The theoretical framework of interacting particle systems has been successful in modeling physical, biological and sociological systems that are spatial by nature. In such systems, members under consideration are traditionally located on the vertices of a static graph, with the state of each member being updated according to transition rates that depend upon the configuration in its local neighborhood. Motivated by a variety of problems that arise from ecology, sociology and neuroscience, the primary objective of this research project is to introduce and analyze simple stochastic models that extend the framework of interacting particle systems as the components under consideration evolve either on hypergraphs or on dynamic graphs rather than traditional static graphs. Hypergraph structures will be employed to model systems including an intermediate mesoscopic scale: contact process with destruction of cubes and hyperplanes as a model of populations subject to catastrophic events, and voter type model on hypergraphs as a model of the majority rule in explicit space. This results in systems in which all the vertices connected by the same hyperedge are simultaneously updated, either spontaneously or at a rate that depends upon the global configuration of the hyperedge. Dynamic graph structures will be employed to model systems of components that have the ability to shape their spatial environment: coupling of contact processes with varying parameters as a model of host-symbiont interactions, and random walks on weighted graphs as a model of electrochemical signals in the brain. This results in systems involving dynamics on the graph similar to that of traditional interacting particle systems, but also dynamics of the graph, with a feedback between dynamics on and of the graph. Beyond the mathematical analysis of some specific models, the aim of this research program is also to initiate the development of a theoretical framework, inspired from interacting particle systems, in order to model more realistically systems that are ubiquitous in nature.
In the early seventies, Frank Spitzer in the United States and Roland Dobrushin in Soviet Union independently introduced a new theoretical framework, known as interacting particle systems, in order to understand the dynamics of systems that are spatial by nature. This framework not only had a major impact in a wide variety of fields such as physics, biology and sociology, but it also gave rise to a number of challenging and exciting mathematical problems. The main objective of research in this area is to understand the macroscopic behavior and the spatial patterns that emerge from the microscopic interactions that dictate the local dynamics of large systems of components such as atoms, cells, plants of different species or individuals with different opinions. Motivated by a variety of problems that arise from ecology, sociology and neuroscience, the primary objective of this research program is to extend, starting from simple examples, the traditional framework of interacting particle systems following two directions. The first extension consists of systems that include an intermediate mesoscopic scale: populations that undergo catastrophic events modeled by the removal of all the individuals in large blocks, and opinion dynamics including the emergence of large discussion groups. The second extension, also known as adaptive networks in the physics literature, consists of systems of components that have the ability to shape their spatial environment: host-pathogen and host-mutualist systems in which symbionts affect the mortality of their host, and electrochemical signals that can strengthen or weaken the connections between neurons. This research project is also the first step towards the development of more realistic models of biological and sociological systems that cannot be captured by traditional interacting particle systems.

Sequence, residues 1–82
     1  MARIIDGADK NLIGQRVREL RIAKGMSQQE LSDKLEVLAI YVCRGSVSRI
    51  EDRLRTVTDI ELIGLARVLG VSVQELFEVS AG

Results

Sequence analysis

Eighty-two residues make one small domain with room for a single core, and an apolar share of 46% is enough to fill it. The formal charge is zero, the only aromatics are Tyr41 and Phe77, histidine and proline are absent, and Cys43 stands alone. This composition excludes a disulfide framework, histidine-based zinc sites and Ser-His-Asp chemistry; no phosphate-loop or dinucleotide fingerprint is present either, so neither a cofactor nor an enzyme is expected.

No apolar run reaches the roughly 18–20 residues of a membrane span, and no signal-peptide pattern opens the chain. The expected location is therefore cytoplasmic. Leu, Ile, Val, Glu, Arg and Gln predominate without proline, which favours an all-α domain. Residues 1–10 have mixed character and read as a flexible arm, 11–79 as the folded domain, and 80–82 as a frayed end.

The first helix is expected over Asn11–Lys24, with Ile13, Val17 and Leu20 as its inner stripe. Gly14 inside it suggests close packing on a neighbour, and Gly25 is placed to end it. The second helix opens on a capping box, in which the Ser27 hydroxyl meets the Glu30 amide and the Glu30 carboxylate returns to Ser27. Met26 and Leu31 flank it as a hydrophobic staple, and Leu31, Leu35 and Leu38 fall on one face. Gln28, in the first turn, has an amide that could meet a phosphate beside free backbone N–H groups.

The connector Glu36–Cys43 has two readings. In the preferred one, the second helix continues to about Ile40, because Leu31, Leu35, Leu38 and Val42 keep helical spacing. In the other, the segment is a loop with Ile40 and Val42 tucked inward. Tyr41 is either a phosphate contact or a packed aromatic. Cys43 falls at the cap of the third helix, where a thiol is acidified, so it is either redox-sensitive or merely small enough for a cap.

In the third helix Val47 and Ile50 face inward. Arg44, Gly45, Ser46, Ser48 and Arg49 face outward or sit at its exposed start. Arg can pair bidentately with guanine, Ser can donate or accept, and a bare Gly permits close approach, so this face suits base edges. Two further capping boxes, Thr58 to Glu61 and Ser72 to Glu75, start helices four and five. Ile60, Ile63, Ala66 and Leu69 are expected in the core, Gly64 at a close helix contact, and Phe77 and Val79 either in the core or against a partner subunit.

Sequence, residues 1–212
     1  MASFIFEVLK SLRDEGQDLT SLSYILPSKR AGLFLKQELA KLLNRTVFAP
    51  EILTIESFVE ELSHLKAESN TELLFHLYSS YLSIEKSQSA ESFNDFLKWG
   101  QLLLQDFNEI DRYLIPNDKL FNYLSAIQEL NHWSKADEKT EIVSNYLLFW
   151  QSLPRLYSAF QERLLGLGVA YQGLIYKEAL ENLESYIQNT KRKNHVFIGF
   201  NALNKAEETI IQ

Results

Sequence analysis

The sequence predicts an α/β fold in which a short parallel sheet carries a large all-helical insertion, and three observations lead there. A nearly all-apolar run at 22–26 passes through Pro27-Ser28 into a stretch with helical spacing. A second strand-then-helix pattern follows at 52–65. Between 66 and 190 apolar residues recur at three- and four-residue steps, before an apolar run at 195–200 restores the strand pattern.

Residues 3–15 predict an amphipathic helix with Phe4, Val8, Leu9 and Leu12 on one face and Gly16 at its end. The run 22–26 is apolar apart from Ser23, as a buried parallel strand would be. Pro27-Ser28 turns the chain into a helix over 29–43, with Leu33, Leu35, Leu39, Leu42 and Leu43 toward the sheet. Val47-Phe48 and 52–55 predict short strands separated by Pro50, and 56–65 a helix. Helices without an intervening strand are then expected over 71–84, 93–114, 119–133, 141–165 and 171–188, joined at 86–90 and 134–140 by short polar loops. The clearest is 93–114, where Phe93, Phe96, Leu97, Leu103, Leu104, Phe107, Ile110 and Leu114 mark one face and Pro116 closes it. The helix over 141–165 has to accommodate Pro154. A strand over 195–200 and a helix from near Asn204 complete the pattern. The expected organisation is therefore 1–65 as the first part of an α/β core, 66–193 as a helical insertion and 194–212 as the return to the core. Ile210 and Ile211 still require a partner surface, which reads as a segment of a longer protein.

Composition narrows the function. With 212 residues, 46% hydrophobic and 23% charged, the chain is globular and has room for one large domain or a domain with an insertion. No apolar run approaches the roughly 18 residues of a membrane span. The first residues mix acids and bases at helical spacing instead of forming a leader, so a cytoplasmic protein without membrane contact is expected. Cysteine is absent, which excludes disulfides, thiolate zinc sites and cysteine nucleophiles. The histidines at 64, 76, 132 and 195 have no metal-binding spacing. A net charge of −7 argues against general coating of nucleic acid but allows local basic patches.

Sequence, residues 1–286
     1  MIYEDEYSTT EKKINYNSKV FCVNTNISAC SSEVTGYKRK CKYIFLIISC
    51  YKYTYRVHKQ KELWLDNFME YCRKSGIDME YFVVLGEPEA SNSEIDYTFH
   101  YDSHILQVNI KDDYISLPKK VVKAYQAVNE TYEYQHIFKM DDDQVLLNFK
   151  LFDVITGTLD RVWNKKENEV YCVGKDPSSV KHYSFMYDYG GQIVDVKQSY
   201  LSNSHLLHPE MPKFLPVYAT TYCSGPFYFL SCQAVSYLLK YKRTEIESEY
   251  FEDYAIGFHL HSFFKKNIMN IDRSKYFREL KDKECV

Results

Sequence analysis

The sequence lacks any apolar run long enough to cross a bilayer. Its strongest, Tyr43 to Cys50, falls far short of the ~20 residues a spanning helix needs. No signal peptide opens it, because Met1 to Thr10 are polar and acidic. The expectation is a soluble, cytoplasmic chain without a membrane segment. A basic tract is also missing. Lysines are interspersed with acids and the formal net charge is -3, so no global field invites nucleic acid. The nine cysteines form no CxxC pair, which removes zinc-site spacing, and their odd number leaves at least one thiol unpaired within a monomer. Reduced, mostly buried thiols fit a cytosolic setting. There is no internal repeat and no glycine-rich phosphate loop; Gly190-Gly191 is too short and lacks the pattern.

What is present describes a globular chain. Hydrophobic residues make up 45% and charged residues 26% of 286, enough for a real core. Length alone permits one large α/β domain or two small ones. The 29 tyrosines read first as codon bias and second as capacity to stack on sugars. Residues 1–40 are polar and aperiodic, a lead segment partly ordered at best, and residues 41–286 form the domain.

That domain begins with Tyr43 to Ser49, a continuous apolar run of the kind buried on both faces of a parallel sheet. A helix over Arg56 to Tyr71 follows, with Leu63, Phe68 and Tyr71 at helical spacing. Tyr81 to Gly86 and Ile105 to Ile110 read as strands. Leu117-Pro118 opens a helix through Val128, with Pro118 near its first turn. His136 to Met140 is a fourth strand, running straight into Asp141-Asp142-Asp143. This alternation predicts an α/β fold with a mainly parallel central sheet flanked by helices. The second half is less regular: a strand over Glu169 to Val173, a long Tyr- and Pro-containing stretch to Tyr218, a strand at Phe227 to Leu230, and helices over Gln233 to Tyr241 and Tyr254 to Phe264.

Most mathematical models that describe the dynamics of interacting populations consist of systems of ordinary differential equations. These models, however, leave out any spatial structure, while it is known from past research that spatial models can result in predictions that differ from their nonspatial counterpart. In contrast, the framework of interacting particle systems is ideally suited to understand the role of space. In these models, particles are located on the vertices of a connected graph and can only interact with their neighbors, as defined by the edge set of the graph. The mathematical analysis of interacting particle systems aims to deduce the macroscopic behavior of the system from microscopic rules indicating the rate at which a vertex changes its state as a function of the configuration in its neighborhood. The development and analysis of such models have had a tremendous impact in the advance of physical sciences. The analysis of spatial stochastic models in life and social sciences is equally important but has been largely unexplored by researchers in the field of probability theory, in particular models of social dynamics. Outcomes related to the intellectual merit. The leitmotiv of the research resulting from this award has been to initiate the rigorous analysis of a wide variety of spatial stochastic models of interest in life and social sciences based on the framework of interacting particle systems. This includes some of the most popular agent-based models introduced by applied scientists but unexplored so far by mathematicians - the Axelrod model for the dynamics of cultures, the naming game for the dynamics of languages, spatial versions of the Galam's majority rule and evolutionary games, etc. - as well as new spatial stochastic models. For the latter, the PI's research includes in addition a modeling aspect in an effort to design processes that suitably mimics biological and social systems, by notably using hypergraphs to represent the network of interactions in order to model the inclusion of intermediate mesoscopic scales. For single type models and multitype non-symmetric models, the main objective is to determine whether types - species, opinions, languages, strategies, etc. - survive and/or coexist. The research on this class of models has revealed a number of examples for which the long-term behavior strongly depends on the topology of the network of interactions, and thus a number of disagreements between the spatial stochastic model and its nonspatial deterministic counterpart, showing the importance of local interactions in such systems. For symmetric multitype models, the main objective is to determine whether the system fluctuates or fixates, i.e., whether particles change their type infinitely often or only a finite number of times. Spatial simulations for this class of models are difficult to interpret, and the research of the PI in this area has disproved some important results conjectured by applied scientists, notably for the Axelrod model and the constrained voter model. Overall, this research program has resulted in 19 research papers published in or submitted to the main journals in probability theory and stochastic processes. Outcomes related to broader impacts. Because the research resulting from this award gives rigorous answers to important questions raised by applied scientists, its impact is obviously not limited to the field of stochastic processes. In particular, the work on popular models of social dynamics, and specifically the Axelrod model for the dissemination of cultures, already has an impact that the PI expects to see growing in the field of social sciences. The interdisciplinarity of this research has also been an important ingredient in terms of educational perspectives by promoting the involvement of students at different levels and with different backgrounds and interests. In particular, during the time window of this award, the PI has supervised six Honors students, one Master student and one Ph.D. student who, all together, worked on three different areas: spatial versions of the Galam's majority rule, spatial evolutionary games, and the Axelrod model for the dynamics of cultures. This work as a supervisor has resulted so far in four research papers written with four of these students. The graduate level stochastic modeling class designed by the PI has also been recently completed to include lectures on cultural dynamics and evolutionary game dynamics, which shows the potential of this research in terms of curriculum development. The PI has in addition presented some of his results to underrepresented minorities at the summer program of the Mathematical and Theoretical Biology Institute each summer during the four consecutive years of this award.